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Real Estate and the Fight against Money Laundering & Terrorist Financing

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By Scott Rinn, Senior Policy Representative – Business Issues, NAR

RISMEDIA, July 2009-Is it possible that the seller in your real estate transaction is using the property to finance terrorism? Could the buyer be attempting to launder money obtained illegally by a drug cartel? Although rare, the answer is “yes” in both cases. And, although it is unlikely that you’ll run into such a situation, real estate brokers and agents are required to observe existing laws and regulations designed to fight money laundering and terrorist financing (ML/TF) and should keep in mind their responsibilities, as real estate professionals, to be alert to suspicious activity.

Current law requires all businesses to report cash transactions over $10,000 to the IRS (form 8300), and prohibits conducting business with specified individuals and countries designated by the U.S. Department of Treasury’s Office of Foreign Asset Control (OFAC) (http://www.ustreas.gov/offices/enforcement/ofac/sdn/index.shtml). Financial institutions, however, are subject to more rigorous requirements under the USA PATRIOT Act, the Bank Secrecy Act, and regulations promulgated by the Financial Crime Enforcement Network (FinCEN), the agency within the Treasury Department assigned primary responsibility for fighting financial crimes. These requirements include the collection and verification of certain customer information, submission of suspicious activity reports, adoption of written policies and procedures, and the retention of certain documentation.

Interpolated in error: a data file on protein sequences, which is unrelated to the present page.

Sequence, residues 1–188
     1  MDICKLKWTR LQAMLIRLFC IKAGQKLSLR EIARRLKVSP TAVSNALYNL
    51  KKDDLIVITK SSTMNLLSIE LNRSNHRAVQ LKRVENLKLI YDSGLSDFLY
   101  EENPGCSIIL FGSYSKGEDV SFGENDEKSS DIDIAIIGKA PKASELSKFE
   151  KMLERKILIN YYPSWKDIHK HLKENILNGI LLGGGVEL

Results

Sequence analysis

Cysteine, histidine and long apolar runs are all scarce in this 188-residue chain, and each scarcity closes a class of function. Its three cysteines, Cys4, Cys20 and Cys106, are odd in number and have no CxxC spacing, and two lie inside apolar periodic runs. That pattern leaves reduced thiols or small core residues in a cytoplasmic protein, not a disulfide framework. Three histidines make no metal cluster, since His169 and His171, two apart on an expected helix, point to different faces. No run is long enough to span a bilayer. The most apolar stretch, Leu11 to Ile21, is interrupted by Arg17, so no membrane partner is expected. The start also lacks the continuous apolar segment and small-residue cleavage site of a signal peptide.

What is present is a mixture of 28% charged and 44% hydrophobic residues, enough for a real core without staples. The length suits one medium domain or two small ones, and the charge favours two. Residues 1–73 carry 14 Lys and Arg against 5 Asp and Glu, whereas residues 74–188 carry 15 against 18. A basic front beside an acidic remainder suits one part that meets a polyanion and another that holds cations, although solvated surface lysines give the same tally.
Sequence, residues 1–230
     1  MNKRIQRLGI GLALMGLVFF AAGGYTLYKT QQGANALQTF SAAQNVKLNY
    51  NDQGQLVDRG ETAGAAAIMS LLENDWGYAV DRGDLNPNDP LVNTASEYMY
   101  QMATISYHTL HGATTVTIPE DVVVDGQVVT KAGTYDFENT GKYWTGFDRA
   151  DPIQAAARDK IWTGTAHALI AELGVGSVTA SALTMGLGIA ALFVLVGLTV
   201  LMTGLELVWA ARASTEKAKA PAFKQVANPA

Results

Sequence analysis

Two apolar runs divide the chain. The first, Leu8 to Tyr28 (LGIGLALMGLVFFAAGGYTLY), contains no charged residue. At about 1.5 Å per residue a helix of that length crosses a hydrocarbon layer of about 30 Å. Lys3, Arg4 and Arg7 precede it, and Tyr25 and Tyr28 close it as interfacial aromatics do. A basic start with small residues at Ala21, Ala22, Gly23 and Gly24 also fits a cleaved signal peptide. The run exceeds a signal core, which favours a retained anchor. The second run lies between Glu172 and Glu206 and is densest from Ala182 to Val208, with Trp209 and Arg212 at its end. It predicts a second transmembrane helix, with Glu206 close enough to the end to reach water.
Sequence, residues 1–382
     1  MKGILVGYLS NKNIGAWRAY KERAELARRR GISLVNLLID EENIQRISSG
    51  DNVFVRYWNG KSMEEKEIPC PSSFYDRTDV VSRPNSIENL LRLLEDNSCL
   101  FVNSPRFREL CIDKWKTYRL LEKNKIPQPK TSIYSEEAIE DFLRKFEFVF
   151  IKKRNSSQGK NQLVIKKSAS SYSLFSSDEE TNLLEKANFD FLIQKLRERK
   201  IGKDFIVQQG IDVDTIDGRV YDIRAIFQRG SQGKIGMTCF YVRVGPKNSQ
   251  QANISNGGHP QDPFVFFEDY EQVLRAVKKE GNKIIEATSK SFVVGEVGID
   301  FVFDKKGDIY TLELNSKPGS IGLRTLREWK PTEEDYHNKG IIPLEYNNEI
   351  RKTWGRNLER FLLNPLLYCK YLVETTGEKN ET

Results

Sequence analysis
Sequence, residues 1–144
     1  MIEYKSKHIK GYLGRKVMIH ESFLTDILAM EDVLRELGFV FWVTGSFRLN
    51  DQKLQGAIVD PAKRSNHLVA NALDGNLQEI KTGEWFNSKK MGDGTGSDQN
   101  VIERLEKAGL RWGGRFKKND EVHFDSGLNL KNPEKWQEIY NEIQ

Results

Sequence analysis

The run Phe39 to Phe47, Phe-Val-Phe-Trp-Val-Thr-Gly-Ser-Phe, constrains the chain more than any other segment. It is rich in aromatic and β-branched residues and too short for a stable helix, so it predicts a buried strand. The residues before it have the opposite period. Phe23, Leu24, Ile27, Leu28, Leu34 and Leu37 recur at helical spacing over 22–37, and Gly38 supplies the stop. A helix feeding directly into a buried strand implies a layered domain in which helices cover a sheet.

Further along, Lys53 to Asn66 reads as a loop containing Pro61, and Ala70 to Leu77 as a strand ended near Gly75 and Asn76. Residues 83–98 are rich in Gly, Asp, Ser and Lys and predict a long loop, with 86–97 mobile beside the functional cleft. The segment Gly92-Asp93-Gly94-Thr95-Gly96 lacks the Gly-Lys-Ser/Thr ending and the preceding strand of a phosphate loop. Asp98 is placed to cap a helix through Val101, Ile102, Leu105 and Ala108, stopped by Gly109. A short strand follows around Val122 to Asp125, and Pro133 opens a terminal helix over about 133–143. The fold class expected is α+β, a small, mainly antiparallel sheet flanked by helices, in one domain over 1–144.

The real estate industry, generally, including real estate brokers and agents, is not currently subject to the additional mandatory regulations imposed on financial institutions, but that may change if there is an increase in the frequency and the manner in which real estate is used in illegal financing schemes. Even if real estate were to remain an infrequent source of ML/TF there is a chance that regulators, in an effort to leave no stone unturned, will look at the entire real estate profession to determine whether additional regulation is necessary, similar to that imposed on the financial industry.

In order to more effectively participate in this important effort, the real estate industry should consider the implementation of self-regulating steps to fight financial crimes, e.g. inform settlement service providers of ML/TF “red flags,” provide instructions on how to file a suspicious activity report (SAR) and to remind settlement providers of existing legal obligations. An international organization known as the Financial Action Task Force (FATF), with 32 countries as members, including the United States, published a list of ML/TF red flags for the worldwide real estate industry in June, 2007. The red flags provide examples of activity previously found to involve real estate in illegal financing schemes. The FATF red flags include: